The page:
Home / Life

Nursed to health on home turf

By Liu Xiangrui | China Daily | Updated: 2019-04-24 07:39

The internet is delivering care that keeps thousands out of hospital

Operating on the same principle as ride-hailing services that whisk passenger A from point B to C using driver D, Liu Xiujuan has been delivered from joblessness to a new lease of life in her career thanks to online technology.

Liu, 34, a Beijing nurse, says she takes on average three orders a day on apps she is registered with that broadcast her services and through which those seeking nursing care at home can find the professional help they need.

Before she sets out on her home visits she first phones patients to check on their state of health and takes with her all the medications the patient requires, and once she arrives her routine is to present documents showing her qualifications so patients can be reassured they are in good hands.

Liu had been a nurse at a Beijing hospital for seven years before she quit her job and left the city. When she returned in 2016 she could not find work, and nurse friends recommended such service apps so she could find part-time work.

"It's hard to credit that nurses can treat patients in their homes and turn it into a second job, but these platforms have made that possible," says Liu, who has registered with two popular platforms and says she has turned it into her sole job and source of income.

The background to this is the continuing integration of the health industry and internet technology, driven mainly by the needs of the elderly, discharged patients, those with chronic illnesses and others who are house-bound.

Goldnurse, on which Liu is registered, has been one of the most popular apps that offer such services. The nearly 40,000 nurses and therapists registered with it, and its more than 200,000 active users, are located in 300 cities around China, says Ding Shaolei, cofounder and chief executive of Goldnurse.

About half of their care services are provided to disabled or semidisabled elderly people, 30 percent are undergoing post-discharge care and the rest receive maternal-child nursing, Ding says.

The price for each order varies from about 140 yuan ($21) to more than 400 yuan, depending on the time needed and the complexity of the task. About 75 percent of the fees go to the nurses and the rest to Goldnurse.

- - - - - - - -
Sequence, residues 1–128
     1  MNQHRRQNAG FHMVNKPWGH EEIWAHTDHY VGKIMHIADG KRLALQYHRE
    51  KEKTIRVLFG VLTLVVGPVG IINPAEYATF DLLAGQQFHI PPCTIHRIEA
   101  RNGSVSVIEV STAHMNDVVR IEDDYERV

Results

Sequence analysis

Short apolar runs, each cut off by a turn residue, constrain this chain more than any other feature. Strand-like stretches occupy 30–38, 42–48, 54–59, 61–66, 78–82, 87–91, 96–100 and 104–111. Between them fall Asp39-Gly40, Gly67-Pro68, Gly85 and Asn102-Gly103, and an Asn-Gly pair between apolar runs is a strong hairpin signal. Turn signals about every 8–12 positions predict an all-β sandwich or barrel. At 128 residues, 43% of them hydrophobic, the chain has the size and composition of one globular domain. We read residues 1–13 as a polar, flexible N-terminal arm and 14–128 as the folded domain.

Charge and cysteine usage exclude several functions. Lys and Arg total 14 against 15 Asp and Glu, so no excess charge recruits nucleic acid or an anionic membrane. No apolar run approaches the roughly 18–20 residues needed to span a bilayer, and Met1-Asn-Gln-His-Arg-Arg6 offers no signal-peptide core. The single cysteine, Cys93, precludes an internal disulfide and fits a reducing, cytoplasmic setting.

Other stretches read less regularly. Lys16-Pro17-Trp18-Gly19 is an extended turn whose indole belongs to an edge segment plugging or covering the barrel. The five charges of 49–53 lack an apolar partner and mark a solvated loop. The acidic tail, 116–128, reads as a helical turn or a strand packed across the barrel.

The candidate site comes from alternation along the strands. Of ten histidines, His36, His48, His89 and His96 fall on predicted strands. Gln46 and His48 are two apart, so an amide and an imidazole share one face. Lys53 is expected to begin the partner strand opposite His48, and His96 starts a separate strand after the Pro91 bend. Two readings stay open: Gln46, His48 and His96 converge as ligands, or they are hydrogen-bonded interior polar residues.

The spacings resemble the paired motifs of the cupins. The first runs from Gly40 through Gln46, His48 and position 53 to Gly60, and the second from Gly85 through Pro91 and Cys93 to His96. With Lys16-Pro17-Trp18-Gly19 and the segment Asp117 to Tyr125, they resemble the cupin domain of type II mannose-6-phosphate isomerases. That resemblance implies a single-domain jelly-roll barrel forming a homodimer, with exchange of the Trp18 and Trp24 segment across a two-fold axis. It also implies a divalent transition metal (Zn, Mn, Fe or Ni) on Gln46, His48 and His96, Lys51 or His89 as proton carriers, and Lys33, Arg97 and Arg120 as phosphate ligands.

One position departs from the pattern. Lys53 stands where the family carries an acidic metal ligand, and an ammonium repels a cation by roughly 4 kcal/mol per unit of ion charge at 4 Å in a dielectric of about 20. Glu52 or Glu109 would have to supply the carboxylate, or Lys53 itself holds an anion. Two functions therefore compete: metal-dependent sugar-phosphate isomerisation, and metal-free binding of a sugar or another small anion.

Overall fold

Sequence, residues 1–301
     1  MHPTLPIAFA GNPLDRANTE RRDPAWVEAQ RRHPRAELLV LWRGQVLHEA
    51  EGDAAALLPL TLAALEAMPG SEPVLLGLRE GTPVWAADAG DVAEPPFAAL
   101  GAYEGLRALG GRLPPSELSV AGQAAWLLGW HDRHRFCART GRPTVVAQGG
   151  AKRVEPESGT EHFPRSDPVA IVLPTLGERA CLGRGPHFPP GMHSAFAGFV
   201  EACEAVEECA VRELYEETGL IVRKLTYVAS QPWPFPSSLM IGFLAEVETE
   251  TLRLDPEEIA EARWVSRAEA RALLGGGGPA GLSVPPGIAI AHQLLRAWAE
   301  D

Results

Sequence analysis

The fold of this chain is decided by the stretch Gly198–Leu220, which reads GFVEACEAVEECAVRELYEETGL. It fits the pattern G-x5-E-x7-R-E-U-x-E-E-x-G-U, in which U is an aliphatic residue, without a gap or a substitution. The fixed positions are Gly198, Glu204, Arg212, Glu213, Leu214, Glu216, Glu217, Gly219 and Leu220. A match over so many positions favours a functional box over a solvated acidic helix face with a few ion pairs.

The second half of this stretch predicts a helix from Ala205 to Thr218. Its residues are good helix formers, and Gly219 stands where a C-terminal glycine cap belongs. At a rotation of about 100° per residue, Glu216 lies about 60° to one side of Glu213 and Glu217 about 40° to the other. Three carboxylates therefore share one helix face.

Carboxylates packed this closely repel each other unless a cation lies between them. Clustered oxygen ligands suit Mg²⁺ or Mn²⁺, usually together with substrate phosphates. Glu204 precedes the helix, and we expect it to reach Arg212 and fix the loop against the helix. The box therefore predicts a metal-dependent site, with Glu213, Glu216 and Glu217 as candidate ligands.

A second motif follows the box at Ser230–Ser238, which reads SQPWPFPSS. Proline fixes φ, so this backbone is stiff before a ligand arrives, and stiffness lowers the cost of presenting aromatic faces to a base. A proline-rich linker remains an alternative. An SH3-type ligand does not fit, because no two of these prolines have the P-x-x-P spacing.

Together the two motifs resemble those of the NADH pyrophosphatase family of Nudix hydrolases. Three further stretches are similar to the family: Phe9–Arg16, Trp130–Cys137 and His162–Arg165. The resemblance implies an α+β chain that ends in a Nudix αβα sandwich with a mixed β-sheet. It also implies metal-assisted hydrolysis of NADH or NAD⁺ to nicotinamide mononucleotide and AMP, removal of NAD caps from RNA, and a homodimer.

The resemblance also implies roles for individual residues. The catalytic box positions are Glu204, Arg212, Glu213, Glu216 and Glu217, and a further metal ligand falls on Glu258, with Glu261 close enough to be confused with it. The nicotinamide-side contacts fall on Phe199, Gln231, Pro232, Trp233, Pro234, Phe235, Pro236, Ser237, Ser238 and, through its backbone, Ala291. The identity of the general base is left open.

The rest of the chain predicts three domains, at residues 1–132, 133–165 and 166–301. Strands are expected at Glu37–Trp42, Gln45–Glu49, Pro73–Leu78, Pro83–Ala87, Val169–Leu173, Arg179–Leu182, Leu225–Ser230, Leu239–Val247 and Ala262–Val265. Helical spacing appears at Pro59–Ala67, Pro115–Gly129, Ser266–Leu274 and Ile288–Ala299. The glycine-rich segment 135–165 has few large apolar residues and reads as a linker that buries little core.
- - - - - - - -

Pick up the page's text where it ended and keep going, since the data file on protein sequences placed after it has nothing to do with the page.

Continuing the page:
Goldnurse provides services including injections, blood collection, catheterization, atomization and other treatment. It has also opened several offline nursery stations around Beijing with nearly 100 full-time nurses, Ding says.

His decision to get into the business in 2014 was both personal and commercial, he says.

When his grandparents were in their last stages of their lives it was difficult to find the appropriate home care, he says, and in terms of the number of nurses and care beds available demand far outstripped supply.

Ding says he hopes that eventually Goldnurse, in line with the latest government policies, can work hand in glove with hospitals, including opening the platform to them, so that they can carry out more specialized services, involve more nurses and serve more patients.

Liu says that when she considers which online service to use she considers its reputation, safety management and back-end service quality.

"Customer feedback and ratings are also very important. People choose nurses with high ratings, as with any other internet platforms."

She has completed several thousand orders and barely receives any negative comments, she says.

Before she leaves for a patient's home she phones to get detailed information about the patient's age, condition and a history of their illness, such inquiries being extremely important to ensure medical safety and help her to be well prepared.